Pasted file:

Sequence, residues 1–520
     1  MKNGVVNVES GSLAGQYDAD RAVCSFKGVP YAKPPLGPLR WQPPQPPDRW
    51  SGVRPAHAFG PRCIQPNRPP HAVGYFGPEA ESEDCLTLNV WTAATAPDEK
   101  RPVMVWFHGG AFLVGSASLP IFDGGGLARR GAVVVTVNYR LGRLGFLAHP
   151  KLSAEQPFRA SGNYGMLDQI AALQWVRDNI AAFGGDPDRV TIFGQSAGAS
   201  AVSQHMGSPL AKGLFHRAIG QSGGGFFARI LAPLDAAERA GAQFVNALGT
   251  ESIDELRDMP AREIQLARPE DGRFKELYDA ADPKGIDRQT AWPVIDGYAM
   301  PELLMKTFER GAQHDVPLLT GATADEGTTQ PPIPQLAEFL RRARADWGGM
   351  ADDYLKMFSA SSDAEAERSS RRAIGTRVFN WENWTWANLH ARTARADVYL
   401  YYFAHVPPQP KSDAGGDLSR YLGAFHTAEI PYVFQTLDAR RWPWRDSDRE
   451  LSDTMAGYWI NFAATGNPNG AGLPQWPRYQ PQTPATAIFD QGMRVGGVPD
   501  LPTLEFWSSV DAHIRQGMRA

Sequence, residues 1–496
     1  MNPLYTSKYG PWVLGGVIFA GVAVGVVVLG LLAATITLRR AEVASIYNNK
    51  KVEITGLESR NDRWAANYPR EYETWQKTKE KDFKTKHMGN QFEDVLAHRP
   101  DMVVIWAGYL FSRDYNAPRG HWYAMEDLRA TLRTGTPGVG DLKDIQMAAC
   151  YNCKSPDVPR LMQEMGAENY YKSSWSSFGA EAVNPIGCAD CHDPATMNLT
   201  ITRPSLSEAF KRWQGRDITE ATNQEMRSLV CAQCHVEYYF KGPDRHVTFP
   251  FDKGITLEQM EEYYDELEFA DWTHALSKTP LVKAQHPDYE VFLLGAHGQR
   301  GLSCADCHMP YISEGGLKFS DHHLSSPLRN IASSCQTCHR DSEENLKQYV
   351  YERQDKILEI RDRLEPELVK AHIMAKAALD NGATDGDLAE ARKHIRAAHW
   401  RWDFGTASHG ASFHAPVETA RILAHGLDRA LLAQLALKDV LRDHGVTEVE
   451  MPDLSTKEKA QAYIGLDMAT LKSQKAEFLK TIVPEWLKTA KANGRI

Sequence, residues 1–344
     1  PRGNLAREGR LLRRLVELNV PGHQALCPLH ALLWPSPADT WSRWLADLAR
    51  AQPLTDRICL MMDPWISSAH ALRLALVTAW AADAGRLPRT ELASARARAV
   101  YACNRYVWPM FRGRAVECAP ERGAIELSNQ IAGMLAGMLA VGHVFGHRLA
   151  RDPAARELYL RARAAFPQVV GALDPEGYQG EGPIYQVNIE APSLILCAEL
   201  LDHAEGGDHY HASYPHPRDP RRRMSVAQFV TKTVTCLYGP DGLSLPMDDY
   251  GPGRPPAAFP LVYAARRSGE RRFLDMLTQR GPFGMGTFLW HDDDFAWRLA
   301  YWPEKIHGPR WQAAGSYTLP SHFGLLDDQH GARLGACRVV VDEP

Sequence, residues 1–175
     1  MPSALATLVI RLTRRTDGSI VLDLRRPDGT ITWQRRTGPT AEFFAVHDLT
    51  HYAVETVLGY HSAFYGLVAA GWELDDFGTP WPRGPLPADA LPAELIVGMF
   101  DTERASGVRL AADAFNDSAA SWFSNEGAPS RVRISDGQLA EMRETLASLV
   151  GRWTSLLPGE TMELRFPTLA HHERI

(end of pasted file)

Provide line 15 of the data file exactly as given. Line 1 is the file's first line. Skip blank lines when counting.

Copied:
    51  KVEITGLESR NDRWAANYPR EYETWQKTKE KDFKTKHMGN QFEDVLAHRP